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The green economy:

m. atching long-term ambitions . with short-term actions . Dr. Hans . Bruyninckx. EEA Executive Director. Informal Council of Environment Ministers. Milan, 16. th. July 2014. The 7th EAP: a long term vision of sustainability .

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The green economy:




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Presentation on theme: "The green economy:"— Presentation transcript:

Slide1

The green economy:

m

atching long-term ambitions

with short-term actions

Dr

Hans

Bruyninckx

EEA Executive Director

Informal Council of Environment Ministers

Milan, 16

th

July 2014Slide2

The 7th EAP: a long term vision of sustainability

“In 2050,

we live well, within the planet's ecological limits

. Our prosperity and healthy environment stem from an

innovative, circular economy

where nothing is wasted and where

natural resources are managed sustainably

, and

biodiversity

is protected, valued and restored in ways that enhance our society's resilience. Our

low-carbon growth has long been decoupled from resource use, setting the pace for a global, safe and sustainable society.”Source: 7th Environmental Action Programme

Other EU policies offer similar perspectives: Europe 2020 Strategy, EU Energy Roadmap 2050, Roadmap to a Resource Efficient Europe, Roadmap for a

competitive low-carbon

economy in 2050, etc.Slide3

The 2050 vision requires Europe to

adopt a

systemic

approach

& foster transitions

‘Systemic risks’

(persistent problems) require fundamental solutions

“Regular policies” offer

no

fundamental solutions:

Incremental institutionalism is too slow and often doesn’t touch the core issuesMarket creation and commodification in itself is not a solution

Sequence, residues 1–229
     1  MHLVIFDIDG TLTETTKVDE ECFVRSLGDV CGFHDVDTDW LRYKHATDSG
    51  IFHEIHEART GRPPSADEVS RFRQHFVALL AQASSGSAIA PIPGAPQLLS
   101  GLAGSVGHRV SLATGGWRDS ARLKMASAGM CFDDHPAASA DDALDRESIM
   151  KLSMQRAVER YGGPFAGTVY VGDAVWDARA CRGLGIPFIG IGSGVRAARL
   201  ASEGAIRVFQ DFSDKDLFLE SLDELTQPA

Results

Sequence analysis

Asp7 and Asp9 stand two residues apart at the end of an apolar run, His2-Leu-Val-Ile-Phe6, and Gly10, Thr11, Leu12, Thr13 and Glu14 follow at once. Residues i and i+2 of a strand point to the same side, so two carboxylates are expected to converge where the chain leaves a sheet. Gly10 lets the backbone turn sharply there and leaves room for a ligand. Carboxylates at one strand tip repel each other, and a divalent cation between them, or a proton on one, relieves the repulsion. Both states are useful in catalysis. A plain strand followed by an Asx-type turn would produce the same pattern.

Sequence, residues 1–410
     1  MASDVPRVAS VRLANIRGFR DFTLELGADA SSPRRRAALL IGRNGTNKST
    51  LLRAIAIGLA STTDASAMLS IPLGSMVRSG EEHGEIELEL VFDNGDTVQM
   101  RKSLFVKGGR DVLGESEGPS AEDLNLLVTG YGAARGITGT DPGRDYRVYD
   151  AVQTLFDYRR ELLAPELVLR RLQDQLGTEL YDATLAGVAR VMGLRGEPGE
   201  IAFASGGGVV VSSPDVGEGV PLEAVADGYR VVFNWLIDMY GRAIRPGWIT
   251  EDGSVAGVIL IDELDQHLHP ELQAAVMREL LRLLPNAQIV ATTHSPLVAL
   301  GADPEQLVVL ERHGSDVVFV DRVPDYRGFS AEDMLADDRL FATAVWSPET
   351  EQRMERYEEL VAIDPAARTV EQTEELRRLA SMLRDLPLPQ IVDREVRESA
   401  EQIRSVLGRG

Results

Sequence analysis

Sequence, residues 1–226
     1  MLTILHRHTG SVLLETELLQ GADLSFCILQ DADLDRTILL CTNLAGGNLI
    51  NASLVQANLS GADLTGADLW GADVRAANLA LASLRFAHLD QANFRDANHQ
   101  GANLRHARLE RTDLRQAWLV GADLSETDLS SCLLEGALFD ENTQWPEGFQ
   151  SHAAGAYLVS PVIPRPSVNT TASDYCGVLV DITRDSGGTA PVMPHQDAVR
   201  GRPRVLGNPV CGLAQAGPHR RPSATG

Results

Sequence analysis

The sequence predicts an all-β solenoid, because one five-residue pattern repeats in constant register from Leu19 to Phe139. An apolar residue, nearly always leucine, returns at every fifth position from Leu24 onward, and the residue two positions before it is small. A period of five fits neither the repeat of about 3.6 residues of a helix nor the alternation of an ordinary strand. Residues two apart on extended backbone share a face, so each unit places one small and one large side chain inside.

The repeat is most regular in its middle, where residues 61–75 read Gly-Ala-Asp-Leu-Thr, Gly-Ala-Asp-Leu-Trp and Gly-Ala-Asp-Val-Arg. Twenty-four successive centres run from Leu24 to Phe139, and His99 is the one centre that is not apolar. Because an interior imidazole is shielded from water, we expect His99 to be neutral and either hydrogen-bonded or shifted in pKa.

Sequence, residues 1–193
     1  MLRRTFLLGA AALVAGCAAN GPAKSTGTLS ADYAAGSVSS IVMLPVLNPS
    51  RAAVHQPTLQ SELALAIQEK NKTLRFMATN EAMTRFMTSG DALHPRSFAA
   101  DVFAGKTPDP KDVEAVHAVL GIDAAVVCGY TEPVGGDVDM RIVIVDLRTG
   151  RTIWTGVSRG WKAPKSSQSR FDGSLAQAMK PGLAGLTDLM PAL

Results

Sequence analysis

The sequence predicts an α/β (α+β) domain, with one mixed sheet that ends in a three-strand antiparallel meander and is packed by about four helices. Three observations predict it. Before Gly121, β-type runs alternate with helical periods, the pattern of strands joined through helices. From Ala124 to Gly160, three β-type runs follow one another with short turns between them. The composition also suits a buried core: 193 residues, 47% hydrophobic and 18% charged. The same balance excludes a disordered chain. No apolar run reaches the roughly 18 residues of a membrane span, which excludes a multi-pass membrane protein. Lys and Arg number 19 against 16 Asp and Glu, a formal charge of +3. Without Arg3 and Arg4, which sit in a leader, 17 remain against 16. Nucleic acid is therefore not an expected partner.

Resource

efficiency gains

are necessary, but are not sufficient for ecosystem, economic and societal resilience

Transitions

= fundamental shifts in the systems that fulfil societal needs,

through profound changes in dominant structures, practices,

technologies, policies, lifestyles, thinking …Slide4

Green Economy: Living well within ecological limits

Ecosystem

services

ECOSYSTEMS

Policy

Values

Technology

ScienceMarketIndustry

SOCIO-TECHNICAL SYSTEMS

providing social needs and value

Environmental externalitiesWithdrawals from the ecosystemsDeposits Emissions Pollutionsystemsystem

system

Food

system

Energy

system

Mobility

systemSlide5

We need better sectoral

accountability

Source: EurostatSlide6

T

he growing influence of global megatrends on Europe’s long-term future

Past and projected global economic output (2005 USD PPP), 1996–2050

Note: gross domestic product expressed in billion 2005 US dollars at purchasing power parity.

Source

:

OECD 2013: 'All Statistics - OECD iLibrary'.Slide7

Back in Europe: energy efficiency has increased, but we

are far from a low-carbon economy

Source: EEA (CSI 028)

Economic

growth

Resource useEfficiency gainsSlide8

Homes are now more energy efficient, but also

much larger,

increasing pressures on land, water and materials

Source: SCP023 indicator (draft)

ConsumptionSlide9

Cars are more efficient but contribute to a range of negative impacts on people’s quality of life in cities

Efficiency

gains

ConsumptionSlide10

Copyright: Tesla

nor new technologies only ...

To reach ambitious environmental visions

Not just incremental efficiency gains ...Slide11